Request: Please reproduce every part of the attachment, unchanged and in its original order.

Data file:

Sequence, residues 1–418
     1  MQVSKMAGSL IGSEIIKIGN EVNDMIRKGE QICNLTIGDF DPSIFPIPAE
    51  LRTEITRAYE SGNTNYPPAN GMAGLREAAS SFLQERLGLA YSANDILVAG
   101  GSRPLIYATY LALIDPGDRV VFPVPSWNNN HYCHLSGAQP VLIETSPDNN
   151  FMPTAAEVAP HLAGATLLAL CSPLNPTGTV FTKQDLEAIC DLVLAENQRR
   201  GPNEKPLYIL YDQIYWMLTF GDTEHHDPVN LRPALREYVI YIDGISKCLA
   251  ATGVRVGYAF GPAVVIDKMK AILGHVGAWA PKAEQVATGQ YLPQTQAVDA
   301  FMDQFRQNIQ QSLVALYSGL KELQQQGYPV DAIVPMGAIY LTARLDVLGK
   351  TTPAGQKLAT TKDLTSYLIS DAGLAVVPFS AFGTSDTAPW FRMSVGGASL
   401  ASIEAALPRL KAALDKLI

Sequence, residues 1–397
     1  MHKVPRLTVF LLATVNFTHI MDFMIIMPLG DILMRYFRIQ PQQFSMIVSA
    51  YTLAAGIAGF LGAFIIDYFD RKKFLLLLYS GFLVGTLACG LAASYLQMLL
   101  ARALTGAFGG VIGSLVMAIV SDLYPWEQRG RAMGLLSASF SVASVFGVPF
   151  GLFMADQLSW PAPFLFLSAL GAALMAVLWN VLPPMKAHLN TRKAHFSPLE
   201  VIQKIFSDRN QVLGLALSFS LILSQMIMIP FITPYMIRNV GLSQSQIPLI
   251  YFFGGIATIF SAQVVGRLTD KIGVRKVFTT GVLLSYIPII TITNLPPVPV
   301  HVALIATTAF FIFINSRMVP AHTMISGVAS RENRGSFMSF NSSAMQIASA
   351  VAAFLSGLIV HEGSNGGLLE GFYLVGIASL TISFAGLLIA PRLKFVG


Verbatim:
Sequence, residues 1–418
     1  MQVSKMAGSL IGSEIIKIGN EVNDMIRKGE QICNLTIGDF DPSIFPIPAE
    51  LRTEITRAYE SGNTNYPPAN GMAGLREAAS SFLQERLGLA YSANDILVAG
   101  GSRPLIYATY LALIDPGDRV VFPVPSWNNN HYCHLSGAQP VLIETSPDNN
   151  FMPTAAEVAP HLAGATLLAL CSPLNPTGTV FTKQDLEAIC DLVLAENQRR
   201  GPNEKPLYIL YDQIYWMLTF GDTEHHDPVN LRPALREYVI YIDGISKCLA
   251  ATGVRVGYAF GPAVVIDKMK AILGHVGAWA PKAEQVATGQ YLPQTQAVDA
   301  FMDQFRQNIQ QSLVALYSGL KELQQQGYPV DAIVPMGAIY LTARLDVLGK
   351  TTPAGQKLAT TKDLTSYLIS DAGLAVVPFS AFGTSDTAPW FRMSVGGASL
   401  ASIEAALPRL KAALDKLI

Sequence, residues 1–397
     1  MHKVPRLTVF LLATVNFTHI MDFMIIMPLG DILMRYFRIQ PQQFSMIVSA
    51  YTLAAGIAGF LGAFIIDYFD RKKFLLLLYS GFLVGTLACG LAASYLQMLL
   101  ARALTGAFGG VIGSLVMAIV SDLYPWEQRG RAMGLLSASF SVASVFGVPF
   151  GLFMADQLSW PAPFLFLSAL GAALMAVLWN VLPPMKAHLN TRKAHFSPLE
   201  VIQKIFSDRN QVLGLALSFS LILSQMIMIP FITPYMIRNV GLSQSQIPLI
   251  YFFGGIATIF SAQVVGRLTD KIGVRKVFTT GVLLSYIPII TITNLPPVPV
   301  HVALIATTAF FIFINSRMVP AHTMISGVAS RENRGSFMSF NSSAMQIASA
   351  VAAFLSGLIV HEGSNGGLLE GFYLVGIASL TISFAGLLIA PRLKFVG